If you can finagle a way to gain Dex to damage with a monowhip, then yes indeed you can apply that modifier to your monowhip. The monowhip only prevents Strength from modifying damage... which makes it more or less a great weapon for a character who has a Strength penalty. If you can get another ability score to adjust damage to the weapon, it works fine that way.
Slashing Grace not counting for light weapons is, I can only hope, an error that will be eventually cleared up in an errata... although that's not my call, alas. My assumption is that this text was initially meant to say something like "choose any one-handed or smaller slashing weapon," since there are no flavor reasons to prevent swashbucklers from using light slashing weapons, and since light weapons do less damage than one-handed ones I can't think of a game balance reason to limit it as well. But again... not my call. FAQ the question though, and maybe it'll get fixed!!!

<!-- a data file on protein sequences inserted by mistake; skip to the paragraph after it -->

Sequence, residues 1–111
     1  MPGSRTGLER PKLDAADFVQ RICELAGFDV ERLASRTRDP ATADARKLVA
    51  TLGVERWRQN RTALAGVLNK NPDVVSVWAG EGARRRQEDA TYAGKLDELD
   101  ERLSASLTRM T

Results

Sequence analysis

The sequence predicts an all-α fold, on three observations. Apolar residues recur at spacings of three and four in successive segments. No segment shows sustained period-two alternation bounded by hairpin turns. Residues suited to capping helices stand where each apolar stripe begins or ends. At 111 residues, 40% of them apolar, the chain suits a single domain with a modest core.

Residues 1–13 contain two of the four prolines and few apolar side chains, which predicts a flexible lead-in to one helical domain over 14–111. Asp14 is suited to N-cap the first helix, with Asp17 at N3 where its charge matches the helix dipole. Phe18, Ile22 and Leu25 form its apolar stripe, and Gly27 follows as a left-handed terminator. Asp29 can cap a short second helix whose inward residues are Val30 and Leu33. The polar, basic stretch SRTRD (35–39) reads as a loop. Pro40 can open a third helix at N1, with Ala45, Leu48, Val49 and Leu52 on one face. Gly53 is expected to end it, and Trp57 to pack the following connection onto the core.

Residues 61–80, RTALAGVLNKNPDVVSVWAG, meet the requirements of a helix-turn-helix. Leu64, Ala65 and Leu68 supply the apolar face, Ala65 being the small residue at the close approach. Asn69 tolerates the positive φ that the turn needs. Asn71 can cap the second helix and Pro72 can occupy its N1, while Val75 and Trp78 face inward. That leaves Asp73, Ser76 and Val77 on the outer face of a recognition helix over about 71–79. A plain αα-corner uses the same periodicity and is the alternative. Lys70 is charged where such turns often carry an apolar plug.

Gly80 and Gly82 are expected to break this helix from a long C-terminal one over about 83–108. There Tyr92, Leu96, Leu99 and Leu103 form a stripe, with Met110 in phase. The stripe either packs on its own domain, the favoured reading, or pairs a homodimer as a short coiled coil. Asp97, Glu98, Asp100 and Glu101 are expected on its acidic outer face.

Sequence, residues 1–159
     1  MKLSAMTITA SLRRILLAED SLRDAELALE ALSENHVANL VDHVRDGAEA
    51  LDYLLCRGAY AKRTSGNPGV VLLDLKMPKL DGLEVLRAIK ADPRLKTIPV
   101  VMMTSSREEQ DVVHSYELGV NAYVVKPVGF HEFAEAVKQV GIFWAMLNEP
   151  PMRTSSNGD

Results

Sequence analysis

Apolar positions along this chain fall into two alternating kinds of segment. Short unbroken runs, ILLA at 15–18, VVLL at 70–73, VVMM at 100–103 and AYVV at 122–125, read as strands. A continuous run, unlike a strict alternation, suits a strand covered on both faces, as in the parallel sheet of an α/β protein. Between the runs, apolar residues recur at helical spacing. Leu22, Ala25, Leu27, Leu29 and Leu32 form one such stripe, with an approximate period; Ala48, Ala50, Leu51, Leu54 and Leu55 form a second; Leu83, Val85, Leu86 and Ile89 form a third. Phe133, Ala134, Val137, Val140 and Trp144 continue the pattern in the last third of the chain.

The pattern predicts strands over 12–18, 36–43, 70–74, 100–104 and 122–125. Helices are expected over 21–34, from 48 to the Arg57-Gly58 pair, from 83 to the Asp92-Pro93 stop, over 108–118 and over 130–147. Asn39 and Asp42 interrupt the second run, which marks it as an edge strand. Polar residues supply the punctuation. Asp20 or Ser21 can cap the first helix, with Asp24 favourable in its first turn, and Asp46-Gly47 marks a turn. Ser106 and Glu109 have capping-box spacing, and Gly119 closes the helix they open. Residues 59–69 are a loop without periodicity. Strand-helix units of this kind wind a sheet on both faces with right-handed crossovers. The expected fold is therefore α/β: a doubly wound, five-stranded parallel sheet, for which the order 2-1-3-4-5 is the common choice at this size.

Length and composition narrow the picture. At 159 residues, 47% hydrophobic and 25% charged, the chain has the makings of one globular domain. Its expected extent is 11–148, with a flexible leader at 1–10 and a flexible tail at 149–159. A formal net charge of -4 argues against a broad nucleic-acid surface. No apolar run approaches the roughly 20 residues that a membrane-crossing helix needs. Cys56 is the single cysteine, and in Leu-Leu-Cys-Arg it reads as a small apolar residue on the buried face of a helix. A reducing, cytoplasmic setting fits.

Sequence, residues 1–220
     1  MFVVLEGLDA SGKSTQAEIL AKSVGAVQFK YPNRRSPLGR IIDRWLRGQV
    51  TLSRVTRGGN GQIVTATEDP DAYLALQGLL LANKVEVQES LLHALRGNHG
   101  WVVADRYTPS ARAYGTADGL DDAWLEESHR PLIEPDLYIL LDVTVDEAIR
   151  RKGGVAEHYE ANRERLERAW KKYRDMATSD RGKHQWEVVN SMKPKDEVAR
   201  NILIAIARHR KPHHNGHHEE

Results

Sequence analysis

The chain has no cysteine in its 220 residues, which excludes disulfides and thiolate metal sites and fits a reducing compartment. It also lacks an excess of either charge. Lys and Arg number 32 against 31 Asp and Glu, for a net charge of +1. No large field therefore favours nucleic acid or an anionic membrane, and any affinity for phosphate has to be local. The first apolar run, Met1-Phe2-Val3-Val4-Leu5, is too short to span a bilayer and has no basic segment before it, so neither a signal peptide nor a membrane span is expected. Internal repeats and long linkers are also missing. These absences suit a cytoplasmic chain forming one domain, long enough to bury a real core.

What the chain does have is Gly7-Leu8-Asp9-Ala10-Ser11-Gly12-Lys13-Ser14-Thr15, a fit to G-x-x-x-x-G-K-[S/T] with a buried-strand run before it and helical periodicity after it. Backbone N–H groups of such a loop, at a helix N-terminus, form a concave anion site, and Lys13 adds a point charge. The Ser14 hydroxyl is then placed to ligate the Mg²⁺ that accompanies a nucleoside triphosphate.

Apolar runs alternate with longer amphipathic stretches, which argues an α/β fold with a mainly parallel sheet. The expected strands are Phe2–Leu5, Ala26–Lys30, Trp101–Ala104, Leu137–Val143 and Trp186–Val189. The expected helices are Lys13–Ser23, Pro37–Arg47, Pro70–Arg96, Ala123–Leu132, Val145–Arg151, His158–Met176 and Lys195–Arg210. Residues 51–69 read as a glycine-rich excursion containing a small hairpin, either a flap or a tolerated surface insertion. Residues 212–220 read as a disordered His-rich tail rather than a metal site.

The agile weapon quality would work fine on a monowhip, in any event.
For control of the realm he once ruled, NOT for anything associated with his divinity. Dragons don't care about some dead god of humanity. They just want his stuff he left behind after he died.
Also if your players are good with the rules and know the gameplay/system then you are going to need to made serious work, especially at high levels, don't be surprised if you have to rebuild nearly all the encounters in books 5 and/or 6. If you don't let them go crazy and/or tell them to tone it down, your job will be a lot easier and require a lot less adjustments/rebuilding.
Alternately, you can have your really good with the rules players use a 10 point buy for their characters. They're experienced gamers. They should be playing the game on "hard" mode anyway!